Most groups of modern animals had their beginnings more than half a billion years ago in an amazing evolutionary event known as the Cambrian Explosion.
This wasn’t the kind of explosion caused by a bomb or asteroid: we call it an “explosion” because of the huge and rapid increase in the diversity of animals we see in the fossil record during this time.
Many familiar features of today’s animals arose in this period. The first eyes and other sensory organs developed, and appendages for swimming and walking also appeared. Tooth-rimmed jaws for predation evolved, as did complex hard parts for protection against predators.
One group of animals, called bryozoans, has until now appeared to be absent from the Cambrian Explosion. In new research, we took a closer look at some old fossils and discovered these tiny coral-like creatures were indeed present during this riotous surge in the variety of animal life on Earth.
Have you heard of bryozoans?
Bryozoans are a distinct group of water-dwelling, filter-feeding animals. Like corals, bryozoans form colonies of tiny individuals. They eat using a crown of fine tentacles called a lophophore to extract tiny food particles from the water.
Bryozoan colonies come in a variety of shapes and sizes, including forms that encrust rocky surfaces, delicate branching structures, and even small jelly-like mounds.
Because the colony is often constructed of a hard material called calcium carbonate (the same material from which seashells are made), bryozoans are easily preserved as fossils. This is why roughly 15,000 species of fossil bryozoans are known to science.
Despite all these fossils, the origin of bryozoans has remained a mystery. The group seemingly “bursts” into existence about 480 million years ago (some 50 million years after the Cambrian Explosion), during the Ordovician Period.
Before the Ordovician, there is no record of their existence. This “missing” record led many palaeontologists to speculate that bryozoans first evolved sometime during the Cambrian. But these early forms were probably tiny and delicate, and may not have constructed their colonies of calcium carbonate. This would make them much less likely to be preserved as fossils.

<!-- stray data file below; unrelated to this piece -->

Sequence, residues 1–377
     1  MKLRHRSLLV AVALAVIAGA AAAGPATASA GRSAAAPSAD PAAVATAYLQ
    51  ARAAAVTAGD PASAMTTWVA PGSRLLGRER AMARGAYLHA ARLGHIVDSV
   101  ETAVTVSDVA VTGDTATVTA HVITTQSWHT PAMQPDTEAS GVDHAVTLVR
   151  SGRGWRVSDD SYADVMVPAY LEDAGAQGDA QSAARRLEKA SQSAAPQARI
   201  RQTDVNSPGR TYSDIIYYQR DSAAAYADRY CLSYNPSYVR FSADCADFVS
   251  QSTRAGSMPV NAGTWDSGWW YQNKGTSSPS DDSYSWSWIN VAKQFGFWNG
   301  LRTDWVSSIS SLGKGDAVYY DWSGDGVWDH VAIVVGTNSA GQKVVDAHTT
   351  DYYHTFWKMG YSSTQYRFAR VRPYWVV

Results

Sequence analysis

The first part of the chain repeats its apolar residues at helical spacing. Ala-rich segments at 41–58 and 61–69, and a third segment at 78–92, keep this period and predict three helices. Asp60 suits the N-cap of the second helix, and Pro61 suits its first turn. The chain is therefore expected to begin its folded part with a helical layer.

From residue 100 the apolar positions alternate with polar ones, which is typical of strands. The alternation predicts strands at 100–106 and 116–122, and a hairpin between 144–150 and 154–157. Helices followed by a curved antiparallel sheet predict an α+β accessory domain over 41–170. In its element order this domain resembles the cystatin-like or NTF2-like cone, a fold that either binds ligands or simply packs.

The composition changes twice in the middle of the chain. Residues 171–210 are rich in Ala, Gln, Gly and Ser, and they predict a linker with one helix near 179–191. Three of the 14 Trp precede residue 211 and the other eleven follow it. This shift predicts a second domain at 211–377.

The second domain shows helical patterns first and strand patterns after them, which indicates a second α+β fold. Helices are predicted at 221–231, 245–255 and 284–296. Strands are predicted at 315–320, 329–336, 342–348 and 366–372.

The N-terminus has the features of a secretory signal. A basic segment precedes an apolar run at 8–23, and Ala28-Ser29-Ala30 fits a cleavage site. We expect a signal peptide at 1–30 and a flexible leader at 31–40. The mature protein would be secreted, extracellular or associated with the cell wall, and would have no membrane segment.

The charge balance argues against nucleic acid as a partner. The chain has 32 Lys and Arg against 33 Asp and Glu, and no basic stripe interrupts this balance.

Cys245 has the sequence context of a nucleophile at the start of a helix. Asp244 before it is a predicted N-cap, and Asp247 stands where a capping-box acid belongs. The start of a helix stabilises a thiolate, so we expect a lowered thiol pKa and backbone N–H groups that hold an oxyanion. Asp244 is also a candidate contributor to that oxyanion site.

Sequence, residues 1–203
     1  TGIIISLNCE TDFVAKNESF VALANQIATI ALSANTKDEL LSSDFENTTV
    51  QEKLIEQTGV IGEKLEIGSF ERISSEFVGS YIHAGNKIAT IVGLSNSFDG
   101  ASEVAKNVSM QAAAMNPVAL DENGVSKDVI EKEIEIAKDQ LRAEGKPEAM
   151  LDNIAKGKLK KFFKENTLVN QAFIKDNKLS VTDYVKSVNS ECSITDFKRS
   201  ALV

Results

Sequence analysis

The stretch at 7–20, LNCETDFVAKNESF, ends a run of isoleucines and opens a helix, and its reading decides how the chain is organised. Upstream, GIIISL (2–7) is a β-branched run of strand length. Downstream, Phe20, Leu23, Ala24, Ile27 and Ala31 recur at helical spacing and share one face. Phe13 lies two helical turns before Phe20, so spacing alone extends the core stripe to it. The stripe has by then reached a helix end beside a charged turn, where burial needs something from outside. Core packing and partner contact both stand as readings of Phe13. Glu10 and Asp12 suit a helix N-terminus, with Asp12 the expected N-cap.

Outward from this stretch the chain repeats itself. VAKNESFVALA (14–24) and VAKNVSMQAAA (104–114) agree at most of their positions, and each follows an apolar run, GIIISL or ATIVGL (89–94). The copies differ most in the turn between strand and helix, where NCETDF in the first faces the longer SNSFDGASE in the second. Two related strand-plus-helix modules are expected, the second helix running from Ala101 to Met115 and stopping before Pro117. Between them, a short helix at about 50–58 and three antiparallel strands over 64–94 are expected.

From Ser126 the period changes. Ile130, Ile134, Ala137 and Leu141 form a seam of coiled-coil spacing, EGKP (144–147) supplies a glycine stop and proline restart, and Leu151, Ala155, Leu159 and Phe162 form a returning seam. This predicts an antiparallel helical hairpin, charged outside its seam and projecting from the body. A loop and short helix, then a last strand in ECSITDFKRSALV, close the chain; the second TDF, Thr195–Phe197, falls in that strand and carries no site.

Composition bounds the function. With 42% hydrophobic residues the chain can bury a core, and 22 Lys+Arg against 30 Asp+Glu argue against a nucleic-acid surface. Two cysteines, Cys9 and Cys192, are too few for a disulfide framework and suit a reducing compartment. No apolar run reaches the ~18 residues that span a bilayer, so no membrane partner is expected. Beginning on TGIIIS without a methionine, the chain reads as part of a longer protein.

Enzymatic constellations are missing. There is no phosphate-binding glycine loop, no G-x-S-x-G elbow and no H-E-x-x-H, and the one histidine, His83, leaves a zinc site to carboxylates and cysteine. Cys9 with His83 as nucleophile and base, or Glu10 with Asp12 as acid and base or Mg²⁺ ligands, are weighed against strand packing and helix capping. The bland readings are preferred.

A new look at old fossils
Our research, published today in Nature, reveals bryozoans were indeed present during the Cambrian Explosion. The key to solving the mystery of their origins is a strange, honeycomb-like fossil called Protomelission (the name means “first honeycomb”).
The first specimens of Protomelission were originally described in 1993 from important Cambrian rocks in the Flinders Ranges in South Australia. However, it wasn’t clear from these original specimens that Protomelission was a bryozoan. Then, in 2018, an almost identical specimen was discovered in China.
Using a state-of-the-art technology called micro-computed tomography (MicroCT), we looked inside Protomelission to confirm it is, in fact, a fossil from a bryozoan colony.
MicroCT technology is similar to a CAT scan in a hospital. Using a thin beam of X-rays, we peer inside the fossil in a series of narrow “slices”. We then use a computer to stack the slices together and produce 3D images and videos of tiny objects like Protomelission.
Our new images confirmed the fossil lacked the robust calcium carbonate skeleton that most living bryozoans possess. Based on our analyses, we can now say with certainty that bryozoans first appeared during the Cambrian Explosion.
A hidden history revealed
It’s not every day the hidden history of an entire group of animals is revealed by the fossil record! For context, this would be like revealing the early ancestor of every fish, amphibian, reptile, bird and mammal all in one go.
Our discovery pushes back the first appearance of the phylum Bryozoa by about 35 million years, making Protomelission the oldest known bryozoan. Importantly, our results also mean that living in colonies, a rare feature in complex animals, also originated during the Cambrian Explosion.
The bryozoans can now take their place among the incredible evolutionary and ecological events associated with the rise of animal communities.
For more information and resources related to the wonderful phylum Bryozoa please go here.
Glenn A Brock is an Honorary Professor of Palaeobiology in the Department of Biological Sciences at Macquarie University. This research was funded partly from internal MQ Research funds and from the Australian Research Council (DP120104251).
Luke Strotz receives funding from a Shaanxi Province Research Grant (2019-2024) through Northwest University, Xi'an, China
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